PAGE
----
Yeast Infection in your Dog’s Ears

By isak, May 28, 2009

MIloA dog can be plagued with any type of infection on any area of the body, but usually yeast infection affects a dog’s ears more than any other part of the body. Dogs that have floppy ears don’t get enough air circulation and dogs that do not get enough sunlight are susceptible to dog ear yeast infection. Yeast is developed in areas that are moist and dark. If a dog has had a bath, the area behind the ears needs to be dried properly. Putting the dog out in the sunlight will help to dry behind the ears.

Look for any excessive scratching behind the ear and notice any type of redness, swelling or discharge as well as any unusual odor coming from the animal. These are some of the signs of dog ear yeast infection.

Taking your dog to the vet is the best possible reaction to these symptoms. However, some dog owners have found natural methods that work even faster than anything that the vet may prescribe for the animal. So in cases where the problem still persists, you can opt for natural cure of a dog’s ear yeast infection.

Here are some options you might want to consider to cure dog ear yeast infection:

  • The first step in preventing ear infections is cleanliness. Especially after a trip to the dog park or the beach, be sure to check your dogs ears to ensure that the are free of dirt, sand, or other debris. Yeast grows more when it is in a moist area. If you have a dog that has ears that stand up, it is easier to maintain because nature (sunlight) will dry it for you. However, if the dog has droopy ears, then more care needs to be taken to keep it clean and dry. Try to see if your dog will let you put a headband that pulls the ear forward so it can have a chance to dry properly. Do this when the dog is lying down. Trim any excessive hair growth behind the ears. Use diluted vinegar to wipe behind the ears.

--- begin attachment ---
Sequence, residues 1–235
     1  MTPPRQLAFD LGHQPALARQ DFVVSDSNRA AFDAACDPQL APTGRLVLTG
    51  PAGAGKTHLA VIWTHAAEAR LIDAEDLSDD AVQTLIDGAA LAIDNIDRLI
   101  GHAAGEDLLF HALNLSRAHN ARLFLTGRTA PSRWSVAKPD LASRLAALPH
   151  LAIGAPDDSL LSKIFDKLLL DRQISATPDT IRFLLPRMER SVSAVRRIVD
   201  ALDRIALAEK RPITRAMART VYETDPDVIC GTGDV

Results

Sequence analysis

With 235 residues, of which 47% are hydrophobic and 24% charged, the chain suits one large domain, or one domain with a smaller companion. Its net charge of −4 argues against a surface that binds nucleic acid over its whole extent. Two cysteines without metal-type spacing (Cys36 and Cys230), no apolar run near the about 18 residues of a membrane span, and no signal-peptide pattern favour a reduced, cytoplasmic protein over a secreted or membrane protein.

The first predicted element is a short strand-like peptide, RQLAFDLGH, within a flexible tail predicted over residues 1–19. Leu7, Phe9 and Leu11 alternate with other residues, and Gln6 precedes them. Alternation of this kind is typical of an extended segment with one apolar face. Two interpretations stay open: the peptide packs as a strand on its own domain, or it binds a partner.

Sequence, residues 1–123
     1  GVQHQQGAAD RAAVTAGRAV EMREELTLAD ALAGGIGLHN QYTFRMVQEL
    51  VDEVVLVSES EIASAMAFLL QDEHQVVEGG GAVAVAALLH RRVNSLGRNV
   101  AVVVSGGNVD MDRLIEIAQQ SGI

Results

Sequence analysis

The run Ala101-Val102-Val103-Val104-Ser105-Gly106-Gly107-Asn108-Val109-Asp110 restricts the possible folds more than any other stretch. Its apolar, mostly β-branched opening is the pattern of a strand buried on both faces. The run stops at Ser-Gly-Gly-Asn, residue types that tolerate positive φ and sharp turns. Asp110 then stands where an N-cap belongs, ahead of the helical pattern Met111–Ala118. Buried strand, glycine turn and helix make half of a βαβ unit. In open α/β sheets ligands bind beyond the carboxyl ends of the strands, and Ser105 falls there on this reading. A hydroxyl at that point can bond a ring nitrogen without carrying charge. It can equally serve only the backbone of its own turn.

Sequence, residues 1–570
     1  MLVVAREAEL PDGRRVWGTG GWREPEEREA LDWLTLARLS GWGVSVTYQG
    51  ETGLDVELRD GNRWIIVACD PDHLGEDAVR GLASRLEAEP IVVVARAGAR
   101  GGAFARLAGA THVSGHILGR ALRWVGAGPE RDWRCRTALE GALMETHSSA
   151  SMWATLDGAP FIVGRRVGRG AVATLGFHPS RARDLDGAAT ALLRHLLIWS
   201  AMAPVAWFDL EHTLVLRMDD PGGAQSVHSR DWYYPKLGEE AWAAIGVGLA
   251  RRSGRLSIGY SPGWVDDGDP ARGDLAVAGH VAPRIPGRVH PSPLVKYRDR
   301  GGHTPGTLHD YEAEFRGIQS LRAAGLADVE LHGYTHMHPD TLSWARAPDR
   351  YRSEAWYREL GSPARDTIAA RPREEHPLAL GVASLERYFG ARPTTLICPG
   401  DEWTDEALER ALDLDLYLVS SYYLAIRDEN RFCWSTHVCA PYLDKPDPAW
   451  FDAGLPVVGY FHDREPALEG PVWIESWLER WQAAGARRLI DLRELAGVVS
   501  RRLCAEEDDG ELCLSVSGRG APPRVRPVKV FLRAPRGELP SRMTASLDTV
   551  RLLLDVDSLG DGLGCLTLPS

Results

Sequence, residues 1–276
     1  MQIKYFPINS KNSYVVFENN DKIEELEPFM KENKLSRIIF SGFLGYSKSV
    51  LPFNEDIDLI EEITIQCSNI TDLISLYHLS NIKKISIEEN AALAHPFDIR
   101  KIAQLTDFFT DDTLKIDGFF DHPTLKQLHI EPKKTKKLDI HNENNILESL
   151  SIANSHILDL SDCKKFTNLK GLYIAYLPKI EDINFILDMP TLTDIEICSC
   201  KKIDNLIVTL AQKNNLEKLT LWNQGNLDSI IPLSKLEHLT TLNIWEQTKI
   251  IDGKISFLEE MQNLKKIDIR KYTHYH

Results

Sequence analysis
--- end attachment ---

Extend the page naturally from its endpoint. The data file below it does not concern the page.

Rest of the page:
A solution of vinegar and water or Hydrogen Peroxide and water is a good way to make a simple rinse for dogs with extra dirty ears. rinse the ears using either a 1:2 solution of white vinegar and water or a 1:1 solution of hydrogen Peroxide and water. Gently massage the dogs ears with a clean towel to break up and big chucks of debris, then rinse a few more times with clean water.
  • Change your dog’s diet to foods that will help to build up the immune systems. Dogs are pretty much like humans who get sicker when the immune system is low. Do not give your dog only the scraps from your leftovers to eat. There are different types of dog foods that target the immune system. Go to your local pet store to see what you can find. You can also give your dog Vitamin C and anything that will improve the health of your dog.
  • Stay away from giving your dog too much antibiotics. Antibiotics are a friend to yeast infection in both humans and animals. The body has a natural flora balance and the antibiotics disrupt the flow to cause yeast to grow.
  • Use anti-microbial herbs, if possible, which you can get at your local health food store. Pau d’Arco (pronounced pow-darko) is a great natural anti-microbial that you can try. Check with your vet first.
  • Chorhexidine is a good substitute for prescription treatment as well as the ointment known as Cotramizole.

Your dog is depending on you to take care of its dog ear yeast infection. If you follow the tips above, it will help to cure dog ear yeast infection, but make sure you do your own research and get medical help when needed.


  1. D Rose says: